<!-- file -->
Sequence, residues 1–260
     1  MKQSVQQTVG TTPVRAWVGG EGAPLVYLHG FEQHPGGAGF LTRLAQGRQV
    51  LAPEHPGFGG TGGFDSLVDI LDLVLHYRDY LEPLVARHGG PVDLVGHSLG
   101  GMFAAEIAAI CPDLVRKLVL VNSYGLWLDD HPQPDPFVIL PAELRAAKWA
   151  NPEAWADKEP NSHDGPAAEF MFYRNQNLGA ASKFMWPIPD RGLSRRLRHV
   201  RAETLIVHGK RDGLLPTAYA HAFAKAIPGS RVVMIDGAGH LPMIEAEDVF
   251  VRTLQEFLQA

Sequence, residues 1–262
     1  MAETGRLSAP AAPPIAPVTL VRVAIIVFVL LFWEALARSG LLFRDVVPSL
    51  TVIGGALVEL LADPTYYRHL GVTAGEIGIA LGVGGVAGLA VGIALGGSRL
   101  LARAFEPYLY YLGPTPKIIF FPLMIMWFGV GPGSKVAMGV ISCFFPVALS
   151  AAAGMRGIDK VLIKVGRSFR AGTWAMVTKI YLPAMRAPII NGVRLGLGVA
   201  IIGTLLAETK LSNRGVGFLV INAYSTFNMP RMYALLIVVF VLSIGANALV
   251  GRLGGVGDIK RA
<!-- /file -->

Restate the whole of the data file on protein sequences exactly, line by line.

Sequence, residues 1–260
     1  MKQSVQQTVG TTPVRAWVGG EGAPLVYLHG FEQHPGGAGF LTRLAQGRQV
    51  LAPEHPGFGG TGGFDSLVDI LDLVLHYRDY LEPLVARHGG PVDLVGHSLG
   101  GMFAAEIAAI CPDLVRKLVL VNSYGLWLDD HPQPDPFVIL PAELRAAKWA
   151  NPEAWADKEP NSHDGPAAEF MFYRNQNLGA ASKFMWPIPD RGLSRRLRHV
   201  RAETLIVHGK RDGLLPTAYA HAFAKAIPGS RVVMIDGAGH LPMIEAEDVF
   251  VRTLQEFLQA

Sequence, residues 1–262
     1  MAETGRLSAP AAPPIAPVTL VRVAIIVFVL LFWEALARSG LLFRDVVPSL
    51  TVIGGALVEL LADPTYYRHL GVTAGEIGIA LGVGGVAGLA VGIALGGSRL
   101  LARAFEPYLY YLGPTPKIIF FPLMIMWFGV GPGSKVAMGV ISCFFPVALS
   151  AAAGMRGIDK VLIKVGRSFR AGTWAMVTKI YLPAMRAPII NGVRLGLGVA
   201  IIGTLLAETK LSNRGVGFLV INAYSTFNMP RMYALLIVVF VLSIGANALV
   251  GRLGGVGDIK RA